In an article that appeared in Slade Magazine’s April 2016 issue, writer Hannah Waters reported on a program in Orange County, California, that allows a judge to order a DUI offender to visit the morgue. The program, which started in the late 1980s, reports that fewer than two percent of the drivers who participate face DUI charges again within 18 months. The National Highway Safety Administration, on the other hand, estimates that the national recidivism rate for DUI offenses is about 30 percent.
Waters spoke to a forensic psychologist about the program, who said that such programs could help offenders understand that they have caused (or could have caused) real harm. Seeing a DUI victim in the morgue could also help an offender empathize with the victim, so they remember the possible consequences the next time he or she considers driving after drinking.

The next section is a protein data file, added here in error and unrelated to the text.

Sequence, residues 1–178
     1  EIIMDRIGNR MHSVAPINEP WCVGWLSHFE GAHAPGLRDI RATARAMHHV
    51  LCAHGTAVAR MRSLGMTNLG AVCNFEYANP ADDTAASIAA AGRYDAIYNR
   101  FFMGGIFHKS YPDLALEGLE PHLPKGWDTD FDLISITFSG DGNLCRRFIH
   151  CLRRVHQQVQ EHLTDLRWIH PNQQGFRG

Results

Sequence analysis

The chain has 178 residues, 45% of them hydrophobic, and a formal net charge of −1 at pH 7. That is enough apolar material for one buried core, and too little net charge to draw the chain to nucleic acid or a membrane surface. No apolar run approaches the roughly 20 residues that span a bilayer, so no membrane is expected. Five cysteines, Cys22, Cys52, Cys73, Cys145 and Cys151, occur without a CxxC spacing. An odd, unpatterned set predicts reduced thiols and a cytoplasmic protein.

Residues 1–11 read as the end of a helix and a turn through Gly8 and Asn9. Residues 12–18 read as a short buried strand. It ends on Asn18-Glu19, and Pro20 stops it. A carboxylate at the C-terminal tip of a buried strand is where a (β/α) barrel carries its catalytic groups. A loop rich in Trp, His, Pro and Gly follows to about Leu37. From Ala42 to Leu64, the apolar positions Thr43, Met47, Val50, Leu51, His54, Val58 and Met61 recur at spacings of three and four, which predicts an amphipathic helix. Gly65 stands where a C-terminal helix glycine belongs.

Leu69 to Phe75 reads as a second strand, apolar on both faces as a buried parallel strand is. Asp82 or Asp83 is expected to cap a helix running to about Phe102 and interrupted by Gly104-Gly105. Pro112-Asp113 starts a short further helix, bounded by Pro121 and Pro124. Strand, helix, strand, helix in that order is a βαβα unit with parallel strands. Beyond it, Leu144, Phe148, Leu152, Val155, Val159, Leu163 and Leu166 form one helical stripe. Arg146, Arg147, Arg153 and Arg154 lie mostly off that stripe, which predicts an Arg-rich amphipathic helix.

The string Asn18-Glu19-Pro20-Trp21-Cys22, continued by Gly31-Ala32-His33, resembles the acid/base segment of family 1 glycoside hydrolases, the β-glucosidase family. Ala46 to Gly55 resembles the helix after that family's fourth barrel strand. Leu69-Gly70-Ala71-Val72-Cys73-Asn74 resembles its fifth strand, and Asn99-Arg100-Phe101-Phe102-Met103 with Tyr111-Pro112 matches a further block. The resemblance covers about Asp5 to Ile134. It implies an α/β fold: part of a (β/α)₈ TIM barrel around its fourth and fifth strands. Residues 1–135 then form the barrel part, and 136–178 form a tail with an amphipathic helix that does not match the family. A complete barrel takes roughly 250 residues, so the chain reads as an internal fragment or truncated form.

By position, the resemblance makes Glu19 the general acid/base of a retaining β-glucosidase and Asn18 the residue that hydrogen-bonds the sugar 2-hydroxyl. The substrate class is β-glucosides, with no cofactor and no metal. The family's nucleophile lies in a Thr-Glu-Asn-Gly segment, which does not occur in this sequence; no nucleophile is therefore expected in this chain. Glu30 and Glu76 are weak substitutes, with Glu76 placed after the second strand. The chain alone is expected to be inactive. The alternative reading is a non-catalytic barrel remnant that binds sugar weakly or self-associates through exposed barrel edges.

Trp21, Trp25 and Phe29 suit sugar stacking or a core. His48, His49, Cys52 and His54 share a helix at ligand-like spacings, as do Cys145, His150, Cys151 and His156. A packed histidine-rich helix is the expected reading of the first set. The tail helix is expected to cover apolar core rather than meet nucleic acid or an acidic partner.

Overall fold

Others argue, however, that the programs do no more than scare DUI drivers and that fear-based programs (like Scared Straight for juvenile offenders) simply don’t work. The problem is there’s little scientific, objective evidence to support the views of either side.
Waters said she wrote the article when she heard that Thailand has become the first country to mandate that DUI drivers work in morgues. She hopes that country will produce some hard data on the effectiveness of morgue visits.
Los Angeles County, Lake County, Illinois, and Clark County, Nevada, (home to Las Vegas) have similar mandated morgue visits.
Proponents of such programs say they’re needed because current DUI laws aren’t doing enough to change behavior. You have to wonder what would be more effective at preventing a repeat DUI–a visit to the morgue, or a sentence of up to six months in jail and heavy fines, which is the current penalty under California Vehicle Code 23152.
Do you need help with a Los Angeles DUI defense? Call the experienced legal team at the Kraut Law Group for insight into your case.